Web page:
Jozef Krakora | August 02, 2012
Over 25 years ago, I remember being confused when I learned that my father, a manufacturing line machinist and engineer, personally bought and brought most of the tools he used at work, instead of using the tools available in the factory work shop. Interestingly, today’s knowledge workers often do just the same thing – they bring their own tools to work. These days, what confuses and challenges most of us, is how to manage the security of all these devices, given their unpredictable context. If only the security concerns were just as simple as they were 25 years ago.
The Bring Your Own Device (BYOD) era is clearly here and well founded. As the New York Times referenced, Forrester Research discovered last year that 48% of knowledge (or information) workers bring their own smart phones, regardless of IT departments’ blessings. It doesn’t stop with smart phones though. Many of us bring, or would like to bring, our own laptops, iPads, monitors, mice, keyboards, office chairs, desk lamps, software and probably more. The key question, given this trend, is how to effectively manage security given all the devices IT managers can’t control.
Security managers love control, visibility, and clarity around the scope of technology systems that impact their company’s security posture. Sadly, with BYOD, they often have none of these three luxuries around users’ end points. So what to do? My short answer is they have to embrace uncertainty, and remain vigilant: BYOD impacts only one of the three elements of a strong security program – the technology at the end point and its context. We can still control the process (policies and procedures), and people, just as we did 25 years ago.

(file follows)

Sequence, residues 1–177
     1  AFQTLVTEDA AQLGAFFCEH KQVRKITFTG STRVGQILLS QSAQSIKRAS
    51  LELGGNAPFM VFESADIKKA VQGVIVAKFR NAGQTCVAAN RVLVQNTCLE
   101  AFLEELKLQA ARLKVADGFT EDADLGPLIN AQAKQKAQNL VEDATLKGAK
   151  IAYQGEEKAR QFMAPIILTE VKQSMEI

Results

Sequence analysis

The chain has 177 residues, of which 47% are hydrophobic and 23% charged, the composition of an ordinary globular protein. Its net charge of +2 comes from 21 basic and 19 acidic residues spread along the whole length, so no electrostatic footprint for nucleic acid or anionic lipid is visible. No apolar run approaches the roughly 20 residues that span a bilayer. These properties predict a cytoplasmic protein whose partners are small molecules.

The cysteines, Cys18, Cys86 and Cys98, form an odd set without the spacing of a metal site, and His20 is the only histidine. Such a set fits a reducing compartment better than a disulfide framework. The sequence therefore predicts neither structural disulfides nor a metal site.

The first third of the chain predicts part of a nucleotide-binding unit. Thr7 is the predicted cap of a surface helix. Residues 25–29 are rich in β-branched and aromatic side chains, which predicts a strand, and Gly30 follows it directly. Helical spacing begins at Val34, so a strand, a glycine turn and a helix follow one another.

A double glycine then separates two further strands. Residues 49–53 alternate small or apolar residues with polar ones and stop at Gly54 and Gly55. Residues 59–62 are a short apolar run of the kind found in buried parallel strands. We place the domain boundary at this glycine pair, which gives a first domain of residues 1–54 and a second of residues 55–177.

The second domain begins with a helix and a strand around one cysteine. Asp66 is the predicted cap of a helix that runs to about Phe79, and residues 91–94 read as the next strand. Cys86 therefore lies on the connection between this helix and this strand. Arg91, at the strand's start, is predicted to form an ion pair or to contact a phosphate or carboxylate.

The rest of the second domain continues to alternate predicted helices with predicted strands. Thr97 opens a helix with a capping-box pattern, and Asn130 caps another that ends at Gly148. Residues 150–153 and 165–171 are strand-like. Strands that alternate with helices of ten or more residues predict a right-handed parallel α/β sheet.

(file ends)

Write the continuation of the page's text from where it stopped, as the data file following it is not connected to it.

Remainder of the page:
In fact, one can look at this situation as an opportunity to further justify strong policies and procedures around how we allow access of any device to our networks and corporate infrastructure. Policies and procedures can require minimum acceptable safeguards on employee owned devices. Just as desk lamps and monitors must be UL tested for instance, computers, iPads and software (or apps) can be tested and controlled in various ways using vulnerability assessment tools and network segmentation strategies. Policies can also require employees to share responsibility and liability around negative impacts and costs of security incidents associated with employee owned devices.
Finally, security managers can also be optimistic and happy. In this BYOD era, it is very possible that many security managers will actually have less to worry about than before. If they regard any employee owned device as one less device that they are completely responsible for, and one more device for which they have, through well designed policies, outsourced some, if not most, of the responsibility and liability for, they can be quite content. I’m reminded of my father telling me how popular he was at work, what with many of his co-workers looking to borrow his superior quality tools, his manager admiring his high quality workmanship, and his company silently appreciating avoided expenses that he carried himself.
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